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New Technology Could Make Roads a Solar Energy Source


The most efficient form of renewable energy may be right underneath us. Researchers at Worchester Polytechnic Institute (WPI) in Massachusetts announced today that they have discovered a method to use road surfaces for solar collection.

The key is using the plentiful heat absorbed by asphalt pavement. By experimenting with different asphalt compositions, the team discovered that heat absorption in pavement can be significantly increased with the addition of highly conductive aggregates such as quartzite. Heat exchangers could be placed a few centimeters under the pavement to collect and use solar energy.

Hot water coming from an asphalt-powered system could be used for industrial processes or to heat buildings.

According to WPI, retrofitting roads and parking lots could turn them into massive solar farms, potentially eliminating the need independently constructed solar farms. This would be a huge boon for the solar energy industry, which currently uses huge swaths of land for its projects. The WPI research might also make solar viable in places where it might not be otherwise, as asphalt absorbs more heat than many other surfaces.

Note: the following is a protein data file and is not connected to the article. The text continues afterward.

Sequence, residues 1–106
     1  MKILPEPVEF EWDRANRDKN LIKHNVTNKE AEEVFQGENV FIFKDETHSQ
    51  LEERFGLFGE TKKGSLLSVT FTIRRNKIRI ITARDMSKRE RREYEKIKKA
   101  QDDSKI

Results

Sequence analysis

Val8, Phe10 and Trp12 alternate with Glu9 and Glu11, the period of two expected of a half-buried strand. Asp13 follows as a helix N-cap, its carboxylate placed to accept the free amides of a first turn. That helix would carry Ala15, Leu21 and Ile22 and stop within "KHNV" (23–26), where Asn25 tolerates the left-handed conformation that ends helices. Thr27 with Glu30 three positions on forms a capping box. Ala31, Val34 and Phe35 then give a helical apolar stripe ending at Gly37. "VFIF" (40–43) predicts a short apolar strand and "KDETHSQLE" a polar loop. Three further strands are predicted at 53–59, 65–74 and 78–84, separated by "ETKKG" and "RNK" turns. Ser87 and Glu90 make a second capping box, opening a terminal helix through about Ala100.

Pretty soon, you might just appreciate your local highway a little more.

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was formerly the editor of CleanTechnica and is a senior editor at Co.Exist. She has contributed to SF Weekly, Popular Science, Inhabitat, Greenbiz, NBC Bay Area, GOOD Magazine, and more. A graduate of Vassar College, she has previously worked in publishing, organic farming, documentary film, and newspaper journalism. Her interests include permaculture, hiking, skiing, music, relocalization, and cob (the building material). She currently resides in San Francisco, CA.


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